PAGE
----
Difficult discussions – sober

By Posted in Skills and Tips

Today, we continue with our theme of difficult discussions and share some techniques that can help with them.

Non-violent communication techniques for difficult discussions

Nothing is perfect, and relationships with other people as we are changing our drinking can be testing. Emotions about others can be triggers to make us hit the f**ck it button. It can also feel very disheartening when someone close to us is scuppering our attempts. We naturally run away from conflict.

Avoiding dealing with the emotions created by other people’s behaviour won’t help you reach your drinking goal, and is just putting off the problem for another day. However difficult it may feel, it’s worth trying to have a conversation. It may take several attempts (just like changing your drinking). It may feel painful (and if you are alcohol-free right now you may feel that very acutely). But it is worth riding that discomfort to get to a more positive place.

I have been trying to use Non-Violent Communication methods. It is a hard technique to master, but really useful to start exploring, as you begin to realise that the ways we are taught to argue and debate are actually quite confrontational in style – and can often make things worse.

Non-Violent Communication (NVC) includes a simple method for clear, empathic communication, consisting of four steps:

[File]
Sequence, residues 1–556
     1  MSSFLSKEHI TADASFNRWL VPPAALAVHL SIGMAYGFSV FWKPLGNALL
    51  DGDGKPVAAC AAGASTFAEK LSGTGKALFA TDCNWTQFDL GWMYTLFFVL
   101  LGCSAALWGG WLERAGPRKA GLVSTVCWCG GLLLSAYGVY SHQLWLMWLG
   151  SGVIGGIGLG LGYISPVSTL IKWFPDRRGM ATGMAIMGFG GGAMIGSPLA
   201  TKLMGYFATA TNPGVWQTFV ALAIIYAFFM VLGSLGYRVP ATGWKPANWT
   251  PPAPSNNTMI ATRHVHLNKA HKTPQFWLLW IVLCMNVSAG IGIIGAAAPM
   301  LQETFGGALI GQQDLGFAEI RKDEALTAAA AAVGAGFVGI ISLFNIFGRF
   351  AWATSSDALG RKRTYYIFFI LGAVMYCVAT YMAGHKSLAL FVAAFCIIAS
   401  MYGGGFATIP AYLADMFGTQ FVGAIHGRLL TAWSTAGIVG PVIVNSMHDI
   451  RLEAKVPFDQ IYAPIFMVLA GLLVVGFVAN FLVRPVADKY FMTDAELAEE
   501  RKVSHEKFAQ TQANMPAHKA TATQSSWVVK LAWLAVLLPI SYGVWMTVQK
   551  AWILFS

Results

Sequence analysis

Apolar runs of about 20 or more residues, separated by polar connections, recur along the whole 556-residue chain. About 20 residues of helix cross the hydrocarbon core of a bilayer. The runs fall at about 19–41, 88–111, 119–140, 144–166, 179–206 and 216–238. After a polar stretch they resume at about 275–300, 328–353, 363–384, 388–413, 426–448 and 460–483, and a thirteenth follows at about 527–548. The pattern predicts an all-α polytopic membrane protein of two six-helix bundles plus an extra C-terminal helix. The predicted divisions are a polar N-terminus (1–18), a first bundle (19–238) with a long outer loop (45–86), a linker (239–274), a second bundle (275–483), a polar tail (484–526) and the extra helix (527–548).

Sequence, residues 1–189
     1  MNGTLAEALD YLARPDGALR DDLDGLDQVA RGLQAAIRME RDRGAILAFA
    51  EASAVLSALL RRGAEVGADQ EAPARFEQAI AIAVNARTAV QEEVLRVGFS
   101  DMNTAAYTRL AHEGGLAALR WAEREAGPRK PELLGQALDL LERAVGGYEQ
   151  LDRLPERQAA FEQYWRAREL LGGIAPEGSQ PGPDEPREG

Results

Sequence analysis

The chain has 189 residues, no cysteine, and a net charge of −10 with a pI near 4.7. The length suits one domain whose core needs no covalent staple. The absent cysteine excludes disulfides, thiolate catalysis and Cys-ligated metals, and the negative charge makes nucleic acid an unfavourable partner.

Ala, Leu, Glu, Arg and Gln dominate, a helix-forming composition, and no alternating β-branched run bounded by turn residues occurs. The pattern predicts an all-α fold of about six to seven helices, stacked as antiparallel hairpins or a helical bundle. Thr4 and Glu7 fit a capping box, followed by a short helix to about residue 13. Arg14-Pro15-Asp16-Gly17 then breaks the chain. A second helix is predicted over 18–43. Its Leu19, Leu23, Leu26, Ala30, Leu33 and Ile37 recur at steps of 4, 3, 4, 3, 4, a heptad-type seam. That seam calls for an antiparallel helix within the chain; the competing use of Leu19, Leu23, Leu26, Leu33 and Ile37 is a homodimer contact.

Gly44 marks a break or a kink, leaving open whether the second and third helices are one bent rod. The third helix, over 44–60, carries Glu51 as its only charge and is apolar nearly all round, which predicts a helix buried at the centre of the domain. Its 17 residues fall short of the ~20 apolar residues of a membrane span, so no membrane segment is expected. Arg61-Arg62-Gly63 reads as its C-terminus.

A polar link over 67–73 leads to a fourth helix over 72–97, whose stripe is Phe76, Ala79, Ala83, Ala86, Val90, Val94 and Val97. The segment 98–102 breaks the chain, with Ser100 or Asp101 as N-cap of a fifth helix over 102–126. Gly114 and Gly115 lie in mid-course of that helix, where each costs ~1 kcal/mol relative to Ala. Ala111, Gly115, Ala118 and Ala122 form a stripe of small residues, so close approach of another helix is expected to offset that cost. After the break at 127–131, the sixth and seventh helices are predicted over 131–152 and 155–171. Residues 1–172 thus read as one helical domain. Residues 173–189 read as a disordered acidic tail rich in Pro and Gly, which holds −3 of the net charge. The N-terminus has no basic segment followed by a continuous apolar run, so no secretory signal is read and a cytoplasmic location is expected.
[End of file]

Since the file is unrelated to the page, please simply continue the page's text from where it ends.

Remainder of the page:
NVC aims to find a way for all present in a discussion to get what really matters to them without the use of guilt, humiliation, shame, blame, coercion, or threats.

For example

1. State the observations that are leading you to feel the need to say something.These should be purely factual observations, with no component of judgment or evaluation. People often disagree about evaluations because they value things differently, but directly observable facts provide a common ground for communication. For example,

2. State the feeling that the observation is triggering in you. Or, guess what the other person is feeling, and ask. Naming the emotion, without moral judgment, enables you to connect in a spirit of mutual respect and cooperation. Perform this step with the aim of accurately identifying the feeling that you or the other person are experiencing in that moment, not with the aim of shaming them for their feeling or otherwise trying to prevent them from feeling as they do. Feelings are sometimes hard to put into words.

3. State the need that is the cause of that feeling. Or, guess the need that caused the feeling in the other person, and ask. When our needs are met, we have happy, pleasant feelings; when they are not met, we have unpleasant feelings. By tuning into the feeling, you can often find the underlying need. Stating the need, without morally judging it, gives you both clarity about what is alive in you or the other person in that moment.

4. Make a concrete request for action to meet the need just identified. Ask clearly and specifically for what you want right now, rather than hinting or stating only what you don’t want. For the request to really be a request – and not a demand – allow the other person to say no or to propose an alternative. You take responsibility for getting your own needs met, and you let them take responsibility for theirs.

Whilst I think it is a difficult technique to master, just realising that the way we discuss things can be counterproductive, and knowing that our own shame and guilt about our drinking often stops us from asking for support is really helpful. It opens the door to having the difficult discussions we need, to help us make the changes we want. Give it a whirl!

Here is a handout that helps you structure a conversation. And a book on the topic.


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